Summer Solstice and Jesus
Updated: Jun 17, 2020
As we are paying attention to these days leading up to the solstice, some of our friends may be wondering - “Are they pagan?”...“But, they call themselves Christians!”
What we are realizing is that these do not have to be mutually exclusive terms. In fact, celebrating the turning of the seasons can not only be a meaningful way to honor the heavens and the earth, but can also connect us (as followers of Jesus) to our tradition’s most ancient practices.
But before there is Jesus, there is one who points to Jesus, even in infancy - his cousin, John.
Luke says that it was “in the sixth month” that Gabriel startled Mary with the news of her problem pregnancy. But the sixth month was in reference to the period of time after Elizabeth’s conception of John.
Do we know exactly when John was born? No. Do we know exactly when Jesus was born? Sorry, but no.
The tradition of our Savior’s birth in a manger at Christmas is a time honored one. But it is John’s nativity that is marked this week, six months before the winter solstice.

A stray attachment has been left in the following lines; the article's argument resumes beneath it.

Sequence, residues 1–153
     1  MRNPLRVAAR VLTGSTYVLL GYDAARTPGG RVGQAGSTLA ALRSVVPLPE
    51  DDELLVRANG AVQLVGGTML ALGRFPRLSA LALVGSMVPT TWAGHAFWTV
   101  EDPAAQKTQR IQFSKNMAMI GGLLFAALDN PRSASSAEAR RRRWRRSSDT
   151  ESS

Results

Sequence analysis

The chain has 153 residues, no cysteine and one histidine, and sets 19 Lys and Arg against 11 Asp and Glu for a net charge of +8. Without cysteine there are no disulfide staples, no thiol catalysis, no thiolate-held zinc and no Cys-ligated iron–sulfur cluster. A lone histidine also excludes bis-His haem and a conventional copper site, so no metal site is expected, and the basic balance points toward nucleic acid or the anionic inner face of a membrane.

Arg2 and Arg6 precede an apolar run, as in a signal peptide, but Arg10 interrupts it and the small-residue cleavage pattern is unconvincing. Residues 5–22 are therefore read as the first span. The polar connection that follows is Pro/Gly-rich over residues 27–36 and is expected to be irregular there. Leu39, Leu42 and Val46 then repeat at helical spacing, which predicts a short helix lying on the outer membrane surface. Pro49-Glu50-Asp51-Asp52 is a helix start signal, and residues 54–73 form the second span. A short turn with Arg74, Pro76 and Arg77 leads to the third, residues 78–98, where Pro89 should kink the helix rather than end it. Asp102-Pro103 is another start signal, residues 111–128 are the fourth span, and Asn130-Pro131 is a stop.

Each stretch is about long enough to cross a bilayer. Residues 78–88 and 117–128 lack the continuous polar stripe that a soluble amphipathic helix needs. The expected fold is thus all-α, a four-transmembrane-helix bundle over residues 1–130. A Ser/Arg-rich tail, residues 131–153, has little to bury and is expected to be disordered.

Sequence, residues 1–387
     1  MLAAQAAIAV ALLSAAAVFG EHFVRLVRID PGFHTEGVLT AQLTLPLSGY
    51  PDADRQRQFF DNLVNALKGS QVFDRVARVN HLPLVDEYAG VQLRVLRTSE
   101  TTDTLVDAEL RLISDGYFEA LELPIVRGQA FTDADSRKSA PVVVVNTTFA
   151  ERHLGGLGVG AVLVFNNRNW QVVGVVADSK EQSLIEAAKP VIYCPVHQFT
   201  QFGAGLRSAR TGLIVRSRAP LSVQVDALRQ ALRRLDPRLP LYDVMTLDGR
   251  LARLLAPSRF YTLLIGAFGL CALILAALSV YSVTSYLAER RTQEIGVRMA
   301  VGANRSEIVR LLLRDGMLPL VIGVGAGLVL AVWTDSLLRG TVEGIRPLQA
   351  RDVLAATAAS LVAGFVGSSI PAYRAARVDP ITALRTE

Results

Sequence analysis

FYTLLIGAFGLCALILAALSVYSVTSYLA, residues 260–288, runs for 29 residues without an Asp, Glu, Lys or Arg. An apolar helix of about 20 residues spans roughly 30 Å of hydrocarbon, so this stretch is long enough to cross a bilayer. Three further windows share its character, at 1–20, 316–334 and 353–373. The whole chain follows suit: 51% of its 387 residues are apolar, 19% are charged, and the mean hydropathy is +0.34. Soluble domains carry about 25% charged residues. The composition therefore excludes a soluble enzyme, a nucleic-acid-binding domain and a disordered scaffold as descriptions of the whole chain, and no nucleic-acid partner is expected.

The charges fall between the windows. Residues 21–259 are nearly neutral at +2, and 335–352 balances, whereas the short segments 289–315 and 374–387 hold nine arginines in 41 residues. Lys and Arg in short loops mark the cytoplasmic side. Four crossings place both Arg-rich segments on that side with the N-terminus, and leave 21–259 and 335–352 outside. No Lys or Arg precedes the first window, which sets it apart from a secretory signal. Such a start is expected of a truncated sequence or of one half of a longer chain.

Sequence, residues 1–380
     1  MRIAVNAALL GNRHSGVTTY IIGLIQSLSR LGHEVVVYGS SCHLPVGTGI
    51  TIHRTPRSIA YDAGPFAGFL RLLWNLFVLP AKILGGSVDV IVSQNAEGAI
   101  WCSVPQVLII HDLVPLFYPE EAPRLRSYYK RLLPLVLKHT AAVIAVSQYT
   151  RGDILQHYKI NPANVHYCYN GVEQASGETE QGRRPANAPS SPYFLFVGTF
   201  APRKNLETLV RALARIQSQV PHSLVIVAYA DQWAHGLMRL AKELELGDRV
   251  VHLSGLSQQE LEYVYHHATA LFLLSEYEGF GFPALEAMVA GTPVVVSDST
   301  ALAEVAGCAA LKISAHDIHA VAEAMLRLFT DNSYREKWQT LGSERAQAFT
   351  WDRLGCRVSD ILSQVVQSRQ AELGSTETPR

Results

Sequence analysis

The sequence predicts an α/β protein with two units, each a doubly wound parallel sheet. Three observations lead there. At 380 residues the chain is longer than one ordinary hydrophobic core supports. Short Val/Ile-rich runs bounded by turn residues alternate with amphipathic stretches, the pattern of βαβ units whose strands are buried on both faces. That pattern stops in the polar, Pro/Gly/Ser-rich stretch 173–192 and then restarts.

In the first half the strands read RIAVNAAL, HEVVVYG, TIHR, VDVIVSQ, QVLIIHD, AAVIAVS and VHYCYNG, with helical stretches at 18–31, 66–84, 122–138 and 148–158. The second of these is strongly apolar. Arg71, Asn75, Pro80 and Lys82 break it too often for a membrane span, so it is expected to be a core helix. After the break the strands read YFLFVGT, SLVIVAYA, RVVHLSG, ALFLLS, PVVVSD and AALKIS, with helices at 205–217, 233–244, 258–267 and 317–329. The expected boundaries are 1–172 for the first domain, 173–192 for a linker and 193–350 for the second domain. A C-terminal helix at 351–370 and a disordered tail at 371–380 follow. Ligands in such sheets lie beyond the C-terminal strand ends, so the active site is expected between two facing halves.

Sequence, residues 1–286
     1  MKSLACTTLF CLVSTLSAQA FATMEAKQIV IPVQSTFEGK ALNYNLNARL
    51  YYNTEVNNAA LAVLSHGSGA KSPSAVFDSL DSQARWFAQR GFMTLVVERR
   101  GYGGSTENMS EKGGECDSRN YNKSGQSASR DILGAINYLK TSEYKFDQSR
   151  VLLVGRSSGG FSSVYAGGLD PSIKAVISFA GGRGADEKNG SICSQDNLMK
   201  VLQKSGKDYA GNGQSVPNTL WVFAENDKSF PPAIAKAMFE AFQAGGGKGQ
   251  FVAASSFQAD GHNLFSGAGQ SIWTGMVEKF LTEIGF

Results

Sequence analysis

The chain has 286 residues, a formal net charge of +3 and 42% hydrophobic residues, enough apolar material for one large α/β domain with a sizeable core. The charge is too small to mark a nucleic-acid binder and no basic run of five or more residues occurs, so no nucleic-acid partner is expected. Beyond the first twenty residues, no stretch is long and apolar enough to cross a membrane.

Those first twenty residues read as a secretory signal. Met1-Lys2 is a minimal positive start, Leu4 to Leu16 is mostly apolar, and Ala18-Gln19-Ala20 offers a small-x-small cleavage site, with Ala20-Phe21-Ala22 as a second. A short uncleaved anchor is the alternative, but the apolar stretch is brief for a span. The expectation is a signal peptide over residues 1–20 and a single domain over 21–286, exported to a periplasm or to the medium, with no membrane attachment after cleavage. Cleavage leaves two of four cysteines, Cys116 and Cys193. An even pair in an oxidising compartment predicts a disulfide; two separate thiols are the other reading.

This Saturday, with the sun at her highest ascent, we should remember the words of St. Matthew who said, “Truly, I say to you, among those born of women there has risen no one greater than John the Baptist.”
We should also try and find some of the yellow, five-petaled flowers of St. John’s Wort to decorate our homes and brighten our day as they bloom near this time.
The cycles of the year orient us on the farm as they have peoples in all places over all time. All of creation is familiar with the cycles of heaven and earth, the ebbs and flows of peaks and valleys, light and darkness.
Saturday June 20 is John’s day. We celebrate his birth, his radical message of repentance, and his invitation into the sacramental waters of creation. But, with each day following his day, the sun will visibly begin to descend from its pinnacle. And, in John’s very words to his disciples, "He must increase, but I must decrease.” John 3:30